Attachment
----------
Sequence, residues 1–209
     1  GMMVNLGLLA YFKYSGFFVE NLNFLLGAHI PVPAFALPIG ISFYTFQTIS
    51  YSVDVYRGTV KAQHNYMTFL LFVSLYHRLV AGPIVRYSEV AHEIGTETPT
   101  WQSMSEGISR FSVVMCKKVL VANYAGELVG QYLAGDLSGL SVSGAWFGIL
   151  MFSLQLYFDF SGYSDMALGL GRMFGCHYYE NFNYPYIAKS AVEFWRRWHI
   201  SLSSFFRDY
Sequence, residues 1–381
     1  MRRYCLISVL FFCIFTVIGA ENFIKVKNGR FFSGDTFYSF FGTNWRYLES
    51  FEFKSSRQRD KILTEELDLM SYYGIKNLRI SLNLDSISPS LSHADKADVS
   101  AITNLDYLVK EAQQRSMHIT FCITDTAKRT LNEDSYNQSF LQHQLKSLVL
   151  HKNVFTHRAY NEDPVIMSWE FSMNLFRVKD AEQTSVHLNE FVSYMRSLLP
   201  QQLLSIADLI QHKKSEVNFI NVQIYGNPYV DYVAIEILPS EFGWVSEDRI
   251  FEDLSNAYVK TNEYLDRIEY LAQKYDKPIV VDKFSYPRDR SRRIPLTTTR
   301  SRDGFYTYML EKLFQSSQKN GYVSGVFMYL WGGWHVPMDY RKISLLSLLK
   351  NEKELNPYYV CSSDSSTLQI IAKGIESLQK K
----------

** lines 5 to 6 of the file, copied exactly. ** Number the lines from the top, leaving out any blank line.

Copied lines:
   151  MFSLQLYFDF SGYSDMALGL GRMFGCHYYE NFNYPYIAKS AVEFWRRWHI
   201  SLSSFFRDY